Paw Paw Tunnel
|Location||Allegany County, Maryland|
|Work begun||June 1836|
|Owner||National Park Service|
|Traffic||Canal and towpath/trail|
|Character||Boats, pedestrians, bicycles, horses|
|Length||3,118 feet (950 m)|
|Tunnel clearance||24 feet (7.3 m)|
|Width||27 feet (8.2 m)|
The Paw Paw Tunnel is a 3,118-foot (950 m) long canal tunnel on the Chesapeake and Ohio Canal (C&O) in Allegany County, Maryland. Located near Paw Paw, West Virginia, it was built to bypass the Paw Paw Bends, a six-mile stretch of the Potomac River containing five horseshoe-shaped bends. The town, the bends, and the tunnel take their name from the pawpaw trees that grow prolifically along nearby ridges.
Construction on the tunnel began in 1836. Due to construction and financial problems, there was no work done from 1841 to 1847. The tunnel was opened for traffic (and essentially completed) in 1850, but the brick liner was not finished until after the tunnel was opened. The construction costs were $616,478.65.
The project was planned to be completed in two years, but there were many difficulties in the process of construction. The construction company seriously underestimated the difficulty of the job. Violence frequently broke out between various gangs of immigrant laborers of different ethnicities, and wages were often unpaid due to the company's financial problems. The tunnel was finally completed but nearly bankrupted the Chesapeake and Ohio Canal Company. The lengthy construction and high cost forced the company to end canal construction at Cumberland, Maryland in 1850, rather than continue on to Pittsburgh as originally planned. Though never one of the longest tunnels in the world, it remains one of the greatest engineering feats of its day.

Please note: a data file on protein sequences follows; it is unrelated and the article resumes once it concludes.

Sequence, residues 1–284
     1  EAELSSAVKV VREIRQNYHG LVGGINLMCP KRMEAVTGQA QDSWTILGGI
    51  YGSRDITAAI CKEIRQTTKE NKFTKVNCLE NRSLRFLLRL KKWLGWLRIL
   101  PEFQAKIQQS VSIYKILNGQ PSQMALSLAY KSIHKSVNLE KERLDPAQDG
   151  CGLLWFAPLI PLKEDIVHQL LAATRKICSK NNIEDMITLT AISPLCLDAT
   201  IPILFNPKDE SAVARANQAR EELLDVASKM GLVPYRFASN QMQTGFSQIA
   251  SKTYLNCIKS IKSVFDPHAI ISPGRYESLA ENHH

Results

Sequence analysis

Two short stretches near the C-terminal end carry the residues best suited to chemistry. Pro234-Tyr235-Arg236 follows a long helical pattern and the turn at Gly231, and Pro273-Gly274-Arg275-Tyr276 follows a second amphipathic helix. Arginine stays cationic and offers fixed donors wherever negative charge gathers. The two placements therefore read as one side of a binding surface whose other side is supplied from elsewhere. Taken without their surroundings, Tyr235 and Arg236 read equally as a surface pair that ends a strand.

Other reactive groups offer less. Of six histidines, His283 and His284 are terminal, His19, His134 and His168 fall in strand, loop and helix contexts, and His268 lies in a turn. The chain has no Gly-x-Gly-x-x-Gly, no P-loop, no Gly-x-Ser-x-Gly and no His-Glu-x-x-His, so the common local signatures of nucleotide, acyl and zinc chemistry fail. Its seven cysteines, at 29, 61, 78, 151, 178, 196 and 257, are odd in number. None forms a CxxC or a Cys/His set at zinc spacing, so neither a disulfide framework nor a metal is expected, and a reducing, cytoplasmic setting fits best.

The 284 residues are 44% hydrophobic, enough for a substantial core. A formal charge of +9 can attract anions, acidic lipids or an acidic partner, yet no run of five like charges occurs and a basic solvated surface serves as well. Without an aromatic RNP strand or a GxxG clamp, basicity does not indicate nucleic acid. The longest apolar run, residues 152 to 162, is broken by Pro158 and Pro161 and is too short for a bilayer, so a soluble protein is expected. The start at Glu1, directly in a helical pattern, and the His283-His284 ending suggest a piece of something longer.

Boatmen and the Tunnel
Boatmen could usually tell if another boat was in the tunnel because the water level would be down about four inches. Apparently the loaded boat going downstream had the right of way, but that was not often honoured.
The Tunnel today
Today the Paw Paw Tunnel can be easily explored with a flashlight, as the towpath is still intact. Trekkers can return via the tunnel, or hike back over the two-mile-long Tunnel Hill Trail. This passes interpretive markers of the German and Irish workers who lived along the path during the tunnel's construction.
- Chesapeake and Ohio Canal National Historical Park. "Frequently Asked Questions." 2006-07-25.
- Unrau p. 251[broken citation]
- Jeanne Mozier. "Paw Paw Tunnel, A Handcarved Wonder." Accessed 2010-08-22.
- Peck, Garrett (2012). The Potomac River: A History and Guide. Charleston, SC: The History Press. pp. 29–30. ISBN 978-1609496005.
- Hahn, Pathway p. 251.[broken citation]
- C&O Canal official NPS web page. "Paw Paw Tunnel Closure". National Park Service. Retrieved 3 March 2013.
- C&O Canal official NPS web page. "Paw Paw Tunnel Rock Slide Removed Towpath Reopens to the Public". National Park Service. Retrieved 18 April 2013.